Bone fat comes to the aid of the health of astronauts in space | world | Space | astronauts | health | erythrocytes | research | WORLD

Missions space have a physical value astronauts: loss of red blood cells and bone mass, although researchers have found that the fat surrounding the bone marrow helps to avoid health complications.

The study, published in the scientific journal Nature Communications, follows up on the first study by co-author Guy Trudel, a scientist and rehabilitation therapist at the Ottawa Hospital, Canada, which found that astronauts lost 54% more red blood cells in space than on earth.

To gain more information, the researchers monitored the health of 14 astronauts before, during, and after their six-month stay on the International Space Station, including through MRI scans.

The findings suggest that astronauts lose 4.2% bone marrow fat a month after returning to land, although they gradually return to their previous level.

According to the researchers, this loss will occur because astronauts’ bodies use this fat as an energy source when they lose red blood cells and muscle mass in space.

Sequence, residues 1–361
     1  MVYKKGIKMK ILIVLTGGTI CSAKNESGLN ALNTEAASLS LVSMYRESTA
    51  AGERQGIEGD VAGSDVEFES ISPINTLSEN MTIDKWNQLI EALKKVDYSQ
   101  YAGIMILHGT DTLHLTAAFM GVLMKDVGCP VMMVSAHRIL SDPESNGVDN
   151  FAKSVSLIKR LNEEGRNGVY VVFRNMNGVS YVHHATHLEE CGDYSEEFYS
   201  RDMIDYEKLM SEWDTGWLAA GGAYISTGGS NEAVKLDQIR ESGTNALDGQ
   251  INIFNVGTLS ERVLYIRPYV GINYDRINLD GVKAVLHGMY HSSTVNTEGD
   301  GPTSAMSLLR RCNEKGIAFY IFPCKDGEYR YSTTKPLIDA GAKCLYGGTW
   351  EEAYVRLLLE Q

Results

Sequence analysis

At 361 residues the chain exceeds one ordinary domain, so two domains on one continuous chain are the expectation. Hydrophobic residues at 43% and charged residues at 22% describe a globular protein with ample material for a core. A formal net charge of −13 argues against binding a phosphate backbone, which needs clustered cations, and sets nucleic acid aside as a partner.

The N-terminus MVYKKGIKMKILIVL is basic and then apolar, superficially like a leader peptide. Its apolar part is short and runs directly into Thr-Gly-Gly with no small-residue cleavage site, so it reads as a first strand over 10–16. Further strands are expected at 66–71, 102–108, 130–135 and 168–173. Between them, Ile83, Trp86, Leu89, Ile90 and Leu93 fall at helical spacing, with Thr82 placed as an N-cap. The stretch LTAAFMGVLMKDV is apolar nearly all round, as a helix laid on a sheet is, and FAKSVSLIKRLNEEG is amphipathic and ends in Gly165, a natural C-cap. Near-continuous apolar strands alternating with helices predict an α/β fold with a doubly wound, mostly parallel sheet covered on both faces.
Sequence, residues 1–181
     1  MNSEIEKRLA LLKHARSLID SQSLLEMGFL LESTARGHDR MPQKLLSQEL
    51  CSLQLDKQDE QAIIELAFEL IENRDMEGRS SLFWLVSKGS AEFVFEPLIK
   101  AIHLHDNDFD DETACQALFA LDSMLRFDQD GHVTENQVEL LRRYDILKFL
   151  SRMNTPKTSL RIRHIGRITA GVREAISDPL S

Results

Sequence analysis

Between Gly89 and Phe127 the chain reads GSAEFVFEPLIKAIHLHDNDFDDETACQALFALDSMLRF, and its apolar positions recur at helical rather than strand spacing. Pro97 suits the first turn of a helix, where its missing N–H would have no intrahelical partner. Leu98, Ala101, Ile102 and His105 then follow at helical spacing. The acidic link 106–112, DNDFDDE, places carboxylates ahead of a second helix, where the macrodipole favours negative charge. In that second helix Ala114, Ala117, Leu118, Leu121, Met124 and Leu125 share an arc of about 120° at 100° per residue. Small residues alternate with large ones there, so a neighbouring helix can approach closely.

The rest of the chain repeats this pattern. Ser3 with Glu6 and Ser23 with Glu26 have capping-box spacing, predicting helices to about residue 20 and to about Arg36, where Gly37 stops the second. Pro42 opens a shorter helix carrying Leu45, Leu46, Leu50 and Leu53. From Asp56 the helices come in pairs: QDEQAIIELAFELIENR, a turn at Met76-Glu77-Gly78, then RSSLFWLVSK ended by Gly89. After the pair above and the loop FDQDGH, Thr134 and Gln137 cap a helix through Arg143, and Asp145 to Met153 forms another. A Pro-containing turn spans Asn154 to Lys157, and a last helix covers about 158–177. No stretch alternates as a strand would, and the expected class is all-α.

In short, these three elements are closely related, the bone marrow produces red blood cells and, in turn, becomes covered with this bone fat, which plays a key role in reducing the number of blood cells or bone mass.

The results of the study will serve not only to improve knowledge of what Trudel calls “space anemia”but also to provide information that helps improve the mobility of patients who have lost muscle or bone mass after months of illness and immobility.

Source: EFE

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